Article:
Infrequently asked questions.

AuthorSwaine, Edward T.


If appellate advocates could hear from courts about topics that might be raised during oral argument--as opposed to relying solely on their ability to anticipate the issues--might their answers be better? That seems likely, but it is unlikely that research could confirm that, as judicial practice overwhelmingly favors impromptu questioning. Spontaneity may be harmless if the question was predictable, or unavoidable if a judge just thought of the question. But sometimes advocates have to answer challenging questions concerning the law, facts, or implications of a position--questions that help decide the case, either due to the quality of the answer or the question's effect on other judges--and all would be better served by advance notice to advocates that specific issues might come up during oral argument.

This article doggedly pursues this simple but important proposition. It explores contemporary conditions that increase the value of preliminary questions, the empirics of their present (and limited) use, and the most compelling circumstances for employing them, illustrated primarily through missed opportunities in recent Supreme Court cases. Preliminary questions interrogate the traditional view of argument--itself fairly recent, and persisting despite erosion of its preconditions. But the potential for preliminary questions to improve judicial communication and deliberation is too compelling to leave muted. The article concludes with a mooting of the proposal.


    The three wise monkeys--pictured avoiding evil by covering their eyes, ears, and mouths--show the plasticity of symbols. Once the monkeys might really have symbolized rectitude or probity. (Imperfectly, of course, since they shut out virtue along with evil.) Nowadays, they symbolize foolish obliviousness, like ostriches burying their heads in the sand. (1)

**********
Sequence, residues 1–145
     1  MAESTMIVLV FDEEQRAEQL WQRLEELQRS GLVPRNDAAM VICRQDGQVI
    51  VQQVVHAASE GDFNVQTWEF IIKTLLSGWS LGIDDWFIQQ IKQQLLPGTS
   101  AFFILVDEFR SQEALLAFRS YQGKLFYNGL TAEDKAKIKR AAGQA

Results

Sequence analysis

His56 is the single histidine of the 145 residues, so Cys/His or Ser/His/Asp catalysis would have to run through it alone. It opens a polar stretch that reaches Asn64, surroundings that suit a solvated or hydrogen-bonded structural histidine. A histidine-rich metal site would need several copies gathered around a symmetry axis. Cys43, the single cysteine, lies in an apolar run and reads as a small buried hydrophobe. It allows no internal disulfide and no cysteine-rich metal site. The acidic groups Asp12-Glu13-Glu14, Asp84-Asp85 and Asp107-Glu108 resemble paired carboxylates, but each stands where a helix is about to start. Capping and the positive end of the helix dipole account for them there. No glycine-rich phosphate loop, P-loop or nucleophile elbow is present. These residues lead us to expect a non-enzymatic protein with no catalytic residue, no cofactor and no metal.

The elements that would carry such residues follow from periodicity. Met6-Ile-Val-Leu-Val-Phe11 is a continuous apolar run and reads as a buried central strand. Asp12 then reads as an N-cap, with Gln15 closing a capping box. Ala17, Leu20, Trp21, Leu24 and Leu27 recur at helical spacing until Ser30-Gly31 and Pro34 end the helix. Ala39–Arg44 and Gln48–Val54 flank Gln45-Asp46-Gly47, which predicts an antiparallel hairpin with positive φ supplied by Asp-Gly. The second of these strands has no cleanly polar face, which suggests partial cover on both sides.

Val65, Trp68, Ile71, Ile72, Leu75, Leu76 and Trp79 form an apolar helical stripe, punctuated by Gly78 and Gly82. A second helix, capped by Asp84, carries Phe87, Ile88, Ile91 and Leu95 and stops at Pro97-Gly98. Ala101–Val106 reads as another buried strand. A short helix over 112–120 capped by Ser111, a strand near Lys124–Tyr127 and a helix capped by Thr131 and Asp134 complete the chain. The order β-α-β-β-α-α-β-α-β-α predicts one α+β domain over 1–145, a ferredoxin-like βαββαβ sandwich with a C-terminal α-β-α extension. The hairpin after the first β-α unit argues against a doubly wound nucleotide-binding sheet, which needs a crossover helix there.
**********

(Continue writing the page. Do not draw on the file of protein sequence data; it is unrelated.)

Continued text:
Our courts are a little like the three wise monkeys. Courthouse statues are the obvious comparison; perhaps because Lady Justice's self-restraint is more modest--only her eyes are blindfolded, not her mouth or ears--she still connotes impartiality more than its caricature. (2) The comparison gets a bit more pronounced in the Supreme Court and the federal courts of appeals. Proceedings begin with a blinkered view of the world, mostly confined to the record below, and conclude with the delphic pronouncement of opinions. Even the hubbub of oral argument--coincidentally presided over by three or more judges--is somewhat misleading. Judges often (but not always) interact with counsel, (3) but this is often thought to disguise a conversation among themselves. Some courts even ban cameras because it prevents both counsel and judges from speaking to (and performing for) the public at large. (4) If these norms limit what judges see, hear, and say, it raises the question of whether judges, like the wise monkeys, can appreciate what's being missed.

    This article attacks one such norm, that confining oral argument to questions unveiled by the court at argument and addressed impromptu by counsel. (5) That practice makes for better theater, or hazing, but deserves reconsideration. The Supreme Court and the federal courts of appeals should speak more often, and could then listen more constructively, by judiciously informing parties in advance about particular issues the court might raise at oral argument.